reading as an escape.

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{for le blog aesthetic // not mine}

“Reading is escape, and the opposite of escape; it’s a way to make contact with reality after a day of making things up, and it’s a way of making contact with someone else’s imagination after a day that’s all too real.” – Nora Ephron

When I was fifteen, I moved two states away from everything I’d ever known to complete uncertainty.  We didn’t know anyone in this new state except relatives, half of whom moved away soon after we arrived.  I didn’t have any real friends for the first two years of living in this new state.  It was one of the darkest times of my life, and I barely made it out with all my sanity.

Too often, the struggles we go through are downplayed by others.  “Someone, somewhere, has it worse,” they tell us.  “You should be grateful you’re not them.”

As if pain and suffering is a contest.

But just because someone is going through something worse doesn’t negate the fact that you’re going through a hard time, too.  Like Cherry Valence tells Ponyboy in The Outsiders, “Things are rough all over.”

I believe that everyone should be able to have a way out of their individual struggles.  It doesn’t have to make sense for anyone else.  It could be theatre, painting, stamp-collecting – anything that gets their mind off of what they’re going through.

For me, that way out was reading.  Those years after my family moved were the most solitary times I’ve ever experienced, but they were also some of the most full, because I got to know so many fictional people.  I found a renewed love for reading, and even started writing again because of it.  My own relatives called me a bookworm and said I spent too much time with my nose stuck in a book, but I didn’t care.

Reading was my escape, just like it is for so many other people, and that’s something that should be encouraged.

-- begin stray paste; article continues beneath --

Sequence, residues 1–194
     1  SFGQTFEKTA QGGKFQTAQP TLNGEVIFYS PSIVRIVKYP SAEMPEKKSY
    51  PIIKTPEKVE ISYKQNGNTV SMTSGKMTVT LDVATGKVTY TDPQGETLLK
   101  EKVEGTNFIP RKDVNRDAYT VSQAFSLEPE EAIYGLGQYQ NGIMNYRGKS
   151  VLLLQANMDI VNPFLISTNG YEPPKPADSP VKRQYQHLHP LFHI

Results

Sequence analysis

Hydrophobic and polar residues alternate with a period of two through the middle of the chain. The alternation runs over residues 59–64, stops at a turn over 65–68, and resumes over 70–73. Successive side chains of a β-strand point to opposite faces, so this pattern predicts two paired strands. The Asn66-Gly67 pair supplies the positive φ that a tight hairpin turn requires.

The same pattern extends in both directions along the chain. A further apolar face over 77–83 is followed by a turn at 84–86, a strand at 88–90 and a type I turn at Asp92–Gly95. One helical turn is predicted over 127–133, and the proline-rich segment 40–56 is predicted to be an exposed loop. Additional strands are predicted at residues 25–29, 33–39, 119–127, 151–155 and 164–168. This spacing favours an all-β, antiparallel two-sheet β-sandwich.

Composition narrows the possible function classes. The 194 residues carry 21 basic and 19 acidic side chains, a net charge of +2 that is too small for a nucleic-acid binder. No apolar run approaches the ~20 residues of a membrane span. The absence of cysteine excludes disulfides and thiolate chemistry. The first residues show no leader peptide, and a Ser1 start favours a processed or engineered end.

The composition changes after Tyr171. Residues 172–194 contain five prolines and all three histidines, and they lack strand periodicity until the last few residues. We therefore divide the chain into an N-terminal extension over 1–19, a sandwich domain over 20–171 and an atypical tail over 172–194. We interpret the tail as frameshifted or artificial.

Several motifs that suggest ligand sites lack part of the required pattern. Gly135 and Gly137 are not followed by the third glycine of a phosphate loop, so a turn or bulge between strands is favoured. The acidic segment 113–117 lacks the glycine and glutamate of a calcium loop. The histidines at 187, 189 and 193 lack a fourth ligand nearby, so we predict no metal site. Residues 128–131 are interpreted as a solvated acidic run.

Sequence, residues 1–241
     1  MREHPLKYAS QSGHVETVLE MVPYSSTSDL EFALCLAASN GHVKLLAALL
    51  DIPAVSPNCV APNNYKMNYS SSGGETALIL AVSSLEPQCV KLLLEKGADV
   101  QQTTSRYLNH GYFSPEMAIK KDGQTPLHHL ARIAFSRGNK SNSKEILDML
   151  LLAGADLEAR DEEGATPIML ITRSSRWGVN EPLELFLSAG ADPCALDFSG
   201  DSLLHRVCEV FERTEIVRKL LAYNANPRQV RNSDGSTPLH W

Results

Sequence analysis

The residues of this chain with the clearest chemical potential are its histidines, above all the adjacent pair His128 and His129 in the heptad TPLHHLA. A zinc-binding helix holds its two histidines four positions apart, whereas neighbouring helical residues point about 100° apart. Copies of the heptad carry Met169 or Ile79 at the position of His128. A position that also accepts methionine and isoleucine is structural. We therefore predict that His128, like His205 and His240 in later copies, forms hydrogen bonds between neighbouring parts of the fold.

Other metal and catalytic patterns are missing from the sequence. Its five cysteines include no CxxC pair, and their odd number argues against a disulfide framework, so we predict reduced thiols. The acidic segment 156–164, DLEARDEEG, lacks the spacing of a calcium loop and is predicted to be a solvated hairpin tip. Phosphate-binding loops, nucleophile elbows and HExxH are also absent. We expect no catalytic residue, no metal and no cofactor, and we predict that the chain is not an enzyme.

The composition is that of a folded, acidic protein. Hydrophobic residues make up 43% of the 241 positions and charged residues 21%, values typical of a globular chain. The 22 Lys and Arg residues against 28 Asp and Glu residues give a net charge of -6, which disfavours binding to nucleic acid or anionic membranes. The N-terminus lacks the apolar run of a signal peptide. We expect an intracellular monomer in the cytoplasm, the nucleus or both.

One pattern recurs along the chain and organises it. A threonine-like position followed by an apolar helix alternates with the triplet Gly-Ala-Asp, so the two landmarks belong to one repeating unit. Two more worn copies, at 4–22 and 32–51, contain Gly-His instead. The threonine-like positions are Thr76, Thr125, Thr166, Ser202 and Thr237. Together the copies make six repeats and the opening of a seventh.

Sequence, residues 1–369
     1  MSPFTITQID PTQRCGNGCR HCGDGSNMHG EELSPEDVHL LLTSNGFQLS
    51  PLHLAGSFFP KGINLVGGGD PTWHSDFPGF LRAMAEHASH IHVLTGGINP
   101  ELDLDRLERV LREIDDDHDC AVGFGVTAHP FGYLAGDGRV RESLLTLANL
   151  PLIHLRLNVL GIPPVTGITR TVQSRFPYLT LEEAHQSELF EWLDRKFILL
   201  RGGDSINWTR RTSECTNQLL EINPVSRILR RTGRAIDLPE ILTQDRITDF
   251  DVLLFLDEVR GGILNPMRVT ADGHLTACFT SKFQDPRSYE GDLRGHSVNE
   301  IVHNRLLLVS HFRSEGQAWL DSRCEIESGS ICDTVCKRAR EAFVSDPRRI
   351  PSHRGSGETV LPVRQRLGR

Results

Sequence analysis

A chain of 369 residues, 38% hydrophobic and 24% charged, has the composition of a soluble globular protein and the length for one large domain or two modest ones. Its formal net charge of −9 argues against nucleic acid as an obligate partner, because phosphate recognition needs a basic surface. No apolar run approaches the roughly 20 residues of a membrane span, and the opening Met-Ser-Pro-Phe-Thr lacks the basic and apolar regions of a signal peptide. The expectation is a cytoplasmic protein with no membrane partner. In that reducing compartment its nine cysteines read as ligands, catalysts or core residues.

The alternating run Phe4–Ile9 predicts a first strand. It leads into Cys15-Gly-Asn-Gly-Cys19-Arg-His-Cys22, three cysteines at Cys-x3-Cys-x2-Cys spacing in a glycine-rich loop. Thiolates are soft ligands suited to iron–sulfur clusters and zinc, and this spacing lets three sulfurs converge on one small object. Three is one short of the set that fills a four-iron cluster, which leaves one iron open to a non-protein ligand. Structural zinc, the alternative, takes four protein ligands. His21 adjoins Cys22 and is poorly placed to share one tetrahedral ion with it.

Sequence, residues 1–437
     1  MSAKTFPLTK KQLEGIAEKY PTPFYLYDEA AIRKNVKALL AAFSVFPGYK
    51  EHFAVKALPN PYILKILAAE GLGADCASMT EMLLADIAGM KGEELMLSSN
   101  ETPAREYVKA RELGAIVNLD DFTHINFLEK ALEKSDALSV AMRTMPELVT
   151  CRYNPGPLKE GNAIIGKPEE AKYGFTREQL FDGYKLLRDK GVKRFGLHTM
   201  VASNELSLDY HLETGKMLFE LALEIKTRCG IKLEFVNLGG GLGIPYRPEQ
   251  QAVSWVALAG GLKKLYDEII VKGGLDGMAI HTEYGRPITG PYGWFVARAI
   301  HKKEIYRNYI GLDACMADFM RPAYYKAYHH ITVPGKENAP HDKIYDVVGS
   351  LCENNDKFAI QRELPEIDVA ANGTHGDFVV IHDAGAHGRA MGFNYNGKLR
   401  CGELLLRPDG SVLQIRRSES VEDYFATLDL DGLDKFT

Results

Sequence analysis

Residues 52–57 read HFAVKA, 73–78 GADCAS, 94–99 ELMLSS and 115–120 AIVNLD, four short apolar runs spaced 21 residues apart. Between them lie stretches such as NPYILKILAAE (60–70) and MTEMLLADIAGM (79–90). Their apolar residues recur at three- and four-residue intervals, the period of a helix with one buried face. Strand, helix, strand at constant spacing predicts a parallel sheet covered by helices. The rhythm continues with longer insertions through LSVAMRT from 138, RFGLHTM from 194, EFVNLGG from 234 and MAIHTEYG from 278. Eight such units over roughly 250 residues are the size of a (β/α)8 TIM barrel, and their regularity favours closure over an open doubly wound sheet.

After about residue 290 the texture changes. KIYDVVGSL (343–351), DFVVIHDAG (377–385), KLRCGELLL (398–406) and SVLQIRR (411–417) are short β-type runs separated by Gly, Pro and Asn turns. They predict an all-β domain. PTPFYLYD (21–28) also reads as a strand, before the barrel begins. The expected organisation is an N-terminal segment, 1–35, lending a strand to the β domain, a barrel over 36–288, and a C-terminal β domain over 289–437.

{PS: I wrote this a few weeks ago and just remembered to post it.  My life is crazy hectic right now, hence the lack of posts, but I’ll try to come back soon with stuff worth reading!  Thanks for always reading my posts – it means a lot to me.  Until I’m back, you can follow my craziness on Instagram, Facebook, and sometimes Twitter.)

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9 thoughts on “reading as an escape.

  1. Ashley, thank you for your honesty and vulnerability. Because you’re willing to be transparent with us, those of us who went through similar trials are able to connect with you–and what a wonderful thing that is! As I think we already talked about, I moved when I was 16 (*going on 17*) to NC from TX a few years ago and it was one of the hardest transitions of my life. But so many wonderful things came from it! And for sure, both the books I wrote and read (and NETFLIX) were my escape and I think that is one of the many blessings that came from this trial. You have a talent of putting together such a poignant post in as few words as necessary! You are my inspiration! 😀 ❤

  2. “Words are life, Liesel.”

    I relate to this on so many levels–even now, even today, as an adult. Reading will always be my escape. And I will always love it ❤

  3. Fantasy is escapist, and that is its glory. If a soldier is imprisoned by the enemy, don’t we consider it his duty to escape? …If we value the freedom of mind and soul, if we’re partisans of liberty, than it’s our plain duty to escape, and to take as many people with us as we can! -J.R.R Tolkien

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